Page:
Digital Sketch of a young man at rest based on a video still

I Will Tell You These Secrets

Your touch

is a



and when

we touch

my heart

beats within

your chest.

I think of you

each morning,

I look for you

each night,

I remember

your embrace

and savor the

memory of my


How can I express

the power

of my gratitude?

To hold you,

to know that

I am safe,

sheltered from

the pain

of these





I look into

your eyes

and see

that you are



I can never

repay you

for the wonder

you bring,

but I can tell

you these secrets:

you kiss my lips and open my heart

you touch me and awaken my body

you gaze into my eyes and heal

my soul,

and when you hold me,

I am complete.


(c) Rob Goldstein 2015-2019


I first posted ‘I Will Tell You These Secrets in August 2016 as an experiment in
the use of VR and video to stage a performance.Β  As I review the video I can
see what works but I think it lacks maturity.

I’ve revised the poem and re-posted it because it is a heartfelt expression of
love and gratitude.

In the interests of transparency I’ve left the video as part of the post.

What do you think?



If you celebrate Thanksgiving, I hope yours is warm and safe.

Rob Goldstein

80 thoughts on “I Will Tell You These Secrets

  1. Rob, this is perfectly, purely beautiful. I don’t think it is lacking in anything.
    “you gaze into my eyes and heal my soul” nothing could be more lovely.
    I’m grateful to a universe that has let us become friends.
    It’s a relief to know you’ve gotten some rain, and so some improvement in the air. I hope you’ve had a wonderful Thanksgiving. Hugs on the wing!

    Liked by 1 person

  2. The love in your soul is portrayed beautifully in these words, Rob. You are a special person and I give thanks to have met you (even if it is virtual)
    Happy Thanksgiving, my friend ❀

    Liked by 1 person

  3. Rob that was extraordinary beautiful, I feel you are too self critical.. I felt the sincerity of your words.. I loved the video my friend.. LOVE is all there is… And you expressed it perfectly.. ❀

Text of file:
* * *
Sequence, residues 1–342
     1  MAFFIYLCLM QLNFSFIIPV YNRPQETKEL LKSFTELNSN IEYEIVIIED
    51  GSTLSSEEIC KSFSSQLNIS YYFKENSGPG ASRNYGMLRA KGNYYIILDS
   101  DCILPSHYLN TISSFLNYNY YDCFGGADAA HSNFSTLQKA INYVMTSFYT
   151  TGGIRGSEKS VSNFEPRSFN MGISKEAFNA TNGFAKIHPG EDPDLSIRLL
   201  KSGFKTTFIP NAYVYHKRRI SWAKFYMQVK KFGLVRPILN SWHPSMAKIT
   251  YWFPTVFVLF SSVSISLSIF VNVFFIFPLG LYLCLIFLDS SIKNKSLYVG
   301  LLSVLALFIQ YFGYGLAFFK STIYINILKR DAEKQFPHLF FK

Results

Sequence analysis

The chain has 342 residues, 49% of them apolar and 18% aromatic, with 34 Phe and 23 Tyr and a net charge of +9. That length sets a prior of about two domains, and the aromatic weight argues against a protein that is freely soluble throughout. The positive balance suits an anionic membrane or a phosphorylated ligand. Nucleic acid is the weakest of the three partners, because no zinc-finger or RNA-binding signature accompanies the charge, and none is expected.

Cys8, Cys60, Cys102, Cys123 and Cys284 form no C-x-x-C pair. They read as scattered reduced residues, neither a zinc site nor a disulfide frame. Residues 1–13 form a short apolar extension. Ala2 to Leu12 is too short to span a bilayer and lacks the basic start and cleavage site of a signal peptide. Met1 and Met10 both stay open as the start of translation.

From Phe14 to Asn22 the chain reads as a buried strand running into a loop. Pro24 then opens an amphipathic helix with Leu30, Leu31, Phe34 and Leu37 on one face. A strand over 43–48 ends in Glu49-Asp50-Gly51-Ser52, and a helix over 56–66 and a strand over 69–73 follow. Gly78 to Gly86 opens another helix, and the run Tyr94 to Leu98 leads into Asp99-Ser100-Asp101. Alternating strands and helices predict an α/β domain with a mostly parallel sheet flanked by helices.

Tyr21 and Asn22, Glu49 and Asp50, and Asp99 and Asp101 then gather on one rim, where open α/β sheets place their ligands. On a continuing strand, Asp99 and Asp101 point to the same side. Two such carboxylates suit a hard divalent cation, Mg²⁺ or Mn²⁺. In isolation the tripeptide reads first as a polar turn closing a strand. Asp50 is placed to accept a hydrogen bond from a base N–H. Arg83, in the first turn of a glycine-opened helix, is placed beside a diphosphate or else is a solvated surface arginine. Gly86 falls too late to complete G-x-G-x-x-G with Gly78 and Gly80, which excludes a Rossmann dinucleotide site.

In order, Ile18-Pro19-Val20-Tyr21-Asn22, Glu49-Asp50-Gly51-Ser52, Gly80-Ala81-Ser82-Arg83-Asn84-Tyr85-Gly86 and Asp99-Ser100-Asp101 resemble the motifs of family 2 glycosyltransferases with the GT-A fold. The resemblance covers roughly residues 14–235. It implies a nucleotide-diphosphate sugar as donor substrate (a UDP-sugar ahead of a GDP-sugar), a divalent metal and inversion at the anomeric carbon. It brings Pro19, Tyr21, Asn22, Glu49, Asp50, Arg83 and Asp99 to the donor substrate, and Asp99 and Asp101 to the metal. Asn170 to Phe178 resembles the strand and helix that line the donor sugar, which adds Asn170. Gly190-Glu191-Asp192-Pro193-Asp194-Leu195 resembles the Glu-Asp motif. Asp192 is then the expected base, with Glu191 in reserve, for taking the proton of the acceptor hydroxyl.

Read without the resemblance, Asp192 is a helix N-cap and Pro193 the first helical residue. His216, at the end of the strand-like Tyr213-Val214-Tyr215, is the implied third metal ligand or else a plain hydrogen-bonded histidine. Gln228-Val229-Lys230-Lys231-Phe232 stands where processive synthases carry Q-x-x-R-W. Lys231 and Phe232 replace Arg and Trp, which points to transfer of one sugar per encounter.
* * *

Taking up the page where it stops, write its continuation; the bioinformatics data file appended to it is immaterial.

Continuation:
Liked by 2 people

      1. I can imagine that vividly. Since you explained your situation so well I see how challenging it is to share “you” with others instead of being one combined you. What amazes me is that you have the overview and recognize who is who. I think that is what makes it easier for you than for others because you understand!


    1. Thank you. I’m glad you commented on my voice…I was worried about the quality of the sound — I used to give readings and performances when I was in my thirties…so, this is one of the first performances I’ve given in over two decades.

      Liked by 2 people

      1. Oh I’m glad. My husband told me this morning he thought it was disturbing: the white man and all his money funding a frivolous and tawdry adventure for people requiring more basic forms of support — and I get that. But I saw it more like this: a sort of odd guy has come across some money (I don’t think rich people flash around wads of cash like that) and doesn’t know what to do with it so he sets out to do some good, if misguided, thing with it. But it’s a “good” shaped out of his own experience of life, which maybe one can only imagine. I do think it’s kind of beautiful.

        Liked by 1 person

      2. I like your interpretation.

        I long ago noticed that people form ‘working class’ backgrounds are more inclined to share food and possessions than people born to money.

        I don’t know if this is still true…

        Among the many good qualities about the U.S. that forty+ years of conservative propaganda and rule has destroyed is the idea of ‘dignified’ poverty; poor people who buy into the social contract, work hard, and struggle to create a better life for their children.

        These were the people who joined up with the Civil Rights Movement organized by MLK. They wore white shirts and ties to demonstrate that what they wanted was their place at the table; not the destruction of the table.

        Liked by 2 people

      3. Interesting. Thank you. I wonder about the “idea” of dignified poverty, though, especially when I consider the causes. In any case, do you think people from “working class” backgrounds are also more inclined to talk openly about their personal lives? I think I noticed this when I was younger but have seen it change in the course of my own life. To each his or her own I guess, but I have always thought being more open rather than less is probably healthier, That said, I don’t use my real name in my blog — for pretty uninteresting (guessable) reasons.

        Liked by 1 person

      4. I understand why you wonder about dignified poverty. I don’t know that people from working class backgrounds are more inclined to talk about their personal live; I just think they do it differently. When you look at literature you see plenty of upper class self-disclosure, it’s less directly self referential…


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